This is a rather bizarre way to go about things….  fortunately independent investigation is being carried out… at least I hope it is.  Ironically… police officers are ‘members of the public dressed in police uniform’ – although some of them appear to think they are there to control us rather than protect.

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The news with a big update to law reports is up on Insite Law

PM warned that elevation of Michael Martin could damage Lords
Guardian: Michael Martin , the former Speaker of the Commons, was today elevated to the House of Lords despite a warning from the independent appointments commission that his presence could “diminish” the upper house. In an unprecedented move, the commission wrote to Gordon Brown to warn that Martin’s conduct in recent months, which led him to become the first Speaker of the modern era to be forced out, could damage the Lords’ reputation.

The article in The Guardian left a rather sour taste in my mouth as I rose very early to see the sunrise – cloudy. Michael Martin has been elevated to the Lords – a tradition going back some time.  The Guardian reports: The intervention by the commission, chaired by the former Foreign Office permanent secretary Lord Jay, is understood to be the first time in modern times that questions have been raised about elevating a former Speaker to the Lords….

… In a carefully worded letter to the prime minister, the commission referred to the terms of its vetting procedures. These state that the commission’s role “is to advise the prime minister if it has any concerns about the propriety of a nominee”.

In plain English… the Lords don’t want any more unsuitable people turning up to add to the carnival atmosphere of recent years with Peers being suspended for corruption and a couple of ‘master criminals’ with jail experience (although one currently in jail) among their noble ranks.

The Guardian noted:  Martin was nominated for a peerage by the Commons as part of a “humble address” to the Queen. In a message to MPs on Monday the government whip, Helen Jones, in her role as the vice-chamberlain of the household, reported that the Queen had agreed to confer a peerage on Martin “for his eminent services during the period in which he has, with such distinguished ability and dignity, presided in the chair of this house”. The traditional form of words was greeted with ridicule. Lord Oakeshott of Seagrove Bay, a Liberal Democrat Treasury spokesman, said: “This is old-fashioned nonsense. Parliament should start using words that people understand and believe. Michael Martin should not be handed a P45 in an ermine envelope.”

Few  question the value of a second chamber, but the classic British fudge of half reform started by Blair has left us with an institution  still made up of unelected people, accountable to no-one,  with fairly extensive powers; powers which can be over ridden only by taking our ball back and  by invoking the Parliament Act. For my own part we should move to a position where we have an elected second chamber and remove the titles of Baron this and Baroness that and build a Parliament that reflects a mature and modern democratic country.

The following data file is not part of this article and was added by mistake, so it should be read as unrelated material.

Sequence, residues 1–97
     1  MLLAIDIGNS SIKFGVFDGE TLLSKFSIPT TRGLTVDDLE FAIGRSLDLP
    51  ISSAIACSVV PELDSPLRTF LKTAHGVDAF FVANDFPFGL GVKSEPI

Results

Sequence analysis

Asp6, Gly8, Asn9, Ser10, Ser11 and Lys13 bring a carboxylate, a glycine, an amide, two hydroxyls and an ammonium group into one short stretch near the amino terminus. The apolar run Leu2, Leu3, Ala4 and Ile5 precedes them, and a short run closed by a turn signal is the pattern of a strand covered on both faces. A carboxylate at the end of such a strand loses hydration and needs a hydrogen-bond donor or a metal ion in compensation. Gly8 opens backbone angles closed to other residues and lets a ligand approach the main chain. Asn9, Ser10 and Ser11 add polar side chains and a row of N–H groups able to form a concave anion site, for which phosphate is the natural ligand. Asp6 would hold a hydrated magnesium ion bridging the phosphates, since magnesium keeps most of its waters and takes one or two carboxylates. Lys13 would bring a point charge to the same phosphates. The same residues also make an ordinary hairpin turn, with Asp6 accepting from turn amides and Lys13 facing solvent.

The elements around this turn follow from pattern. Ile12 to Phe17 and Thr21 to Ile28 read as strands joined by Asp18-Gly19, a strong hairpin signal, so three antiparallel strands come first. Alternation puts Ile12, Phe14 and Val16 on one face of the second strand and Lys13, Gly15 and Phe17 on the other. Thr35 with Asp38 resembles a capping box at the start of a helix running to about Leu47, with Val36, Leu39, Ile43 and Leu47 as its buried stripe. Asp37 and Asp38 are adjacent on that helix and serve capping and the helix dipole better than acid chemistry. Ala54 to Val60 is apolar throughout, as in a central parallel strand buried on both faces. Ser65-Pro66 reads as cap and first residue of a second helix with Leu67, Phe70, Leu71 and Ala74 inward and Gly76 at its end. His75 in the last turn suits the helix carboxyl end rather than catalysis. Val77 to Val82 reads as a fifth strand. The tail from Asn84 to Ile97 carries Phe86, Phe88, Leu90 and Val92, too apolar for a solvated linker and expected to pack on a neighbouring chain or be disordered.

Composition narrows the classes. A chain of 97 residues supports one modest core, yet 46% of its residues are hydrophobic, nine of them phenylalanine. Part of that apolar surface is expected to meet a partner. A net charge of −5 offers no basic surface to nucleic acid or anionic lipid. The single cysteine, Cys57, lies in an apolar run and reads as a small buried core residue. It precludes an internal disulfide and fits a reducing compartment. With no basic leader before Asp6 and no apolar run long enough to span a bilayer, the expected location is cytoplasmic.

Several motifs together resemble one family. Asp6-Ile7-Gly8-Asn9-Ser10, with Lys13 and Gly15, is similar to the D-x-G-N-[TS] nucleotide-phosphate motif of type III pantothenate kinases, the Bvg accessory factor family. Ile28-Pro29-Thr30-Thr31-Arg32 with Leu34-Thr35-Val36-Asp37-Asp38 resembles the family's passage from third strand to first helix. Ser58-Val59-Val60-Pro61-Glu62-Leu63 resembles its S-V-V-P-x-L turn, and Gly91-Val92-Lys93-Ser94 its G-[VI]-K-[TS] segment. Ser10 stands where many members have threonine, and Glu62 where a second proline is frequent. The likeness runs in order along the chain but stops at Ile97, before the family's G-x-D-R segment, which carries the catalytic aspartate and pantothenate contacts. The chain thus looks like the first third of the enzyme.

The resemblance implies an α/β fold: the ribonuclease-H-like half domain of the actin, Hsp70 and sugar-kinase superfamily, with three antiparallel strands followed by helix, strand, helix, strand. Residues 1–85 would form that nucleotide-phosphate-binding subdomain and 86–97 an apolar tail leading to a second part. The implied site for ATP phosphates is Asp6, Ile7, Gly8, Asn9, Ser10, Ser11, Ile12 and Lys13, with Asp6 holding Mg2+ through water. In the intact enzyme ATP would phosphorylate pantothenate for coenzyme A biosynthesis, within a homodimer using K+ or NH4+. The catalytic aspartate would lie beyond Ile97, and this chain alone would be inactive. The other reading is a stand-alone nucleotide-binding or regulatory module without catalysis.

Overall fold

The whole business of titles is verging on the comic opera in the 21st Century. Orders of The British Empire and the like are ridiculous enough when Empire seems to be limited to a tedious lump of rock on the rump of Spain and a few islands dotted about the world. I have no problem at all in the State rewarding excellence – but surely it is not beyond us to call the awards something rather more meaningful?

The trouble is – people like all the flummery that goes with a title and this is harmless enough – but not when it comes to the government of our country. We are a democracy with a constitutional Monarch.  We are no longer a feudal society.  We are no longer a society where the robber barons of ye olde Englande rule in a gentleman’s club environment. An elected chamber (perhaps we could even call it a Senate?) would be a very valuable step forward in governance.  The trouble is, without the ermine, the titles and all the other nonsense that goes with it currently – would anyone want to be part of it?

In October the Law Lords become Supreme Court Justices.  It would be good, in time, if we could get rid of peerages and other titles denoting links with a feudal past from our judicial system as well.  What about Justice, Appeal Justice, Surpeme Court Justice?  They seem to describe the position more than adequately without the prefix Lord, Lady.  Mind you… why stop there? … let’s get rid of the whole shooting match and become a republic, enjoy our history and base our future on a classless society? The Americans  do it rather well – and they are celebrating Independence this very weekend on the 4th July. Anyone fancy that or as we say in the modern vernacular… Anyone ‘Up for it’?


They tell me that the Tower of London has space in it… I’d better keep my head down… but on reflection that is not really a good idea when talking about the Tower of London.  I’m orf for breakfast, some coffee and a bit of Smokedo.  I’ve been up since 3.30 and it is time for a walk.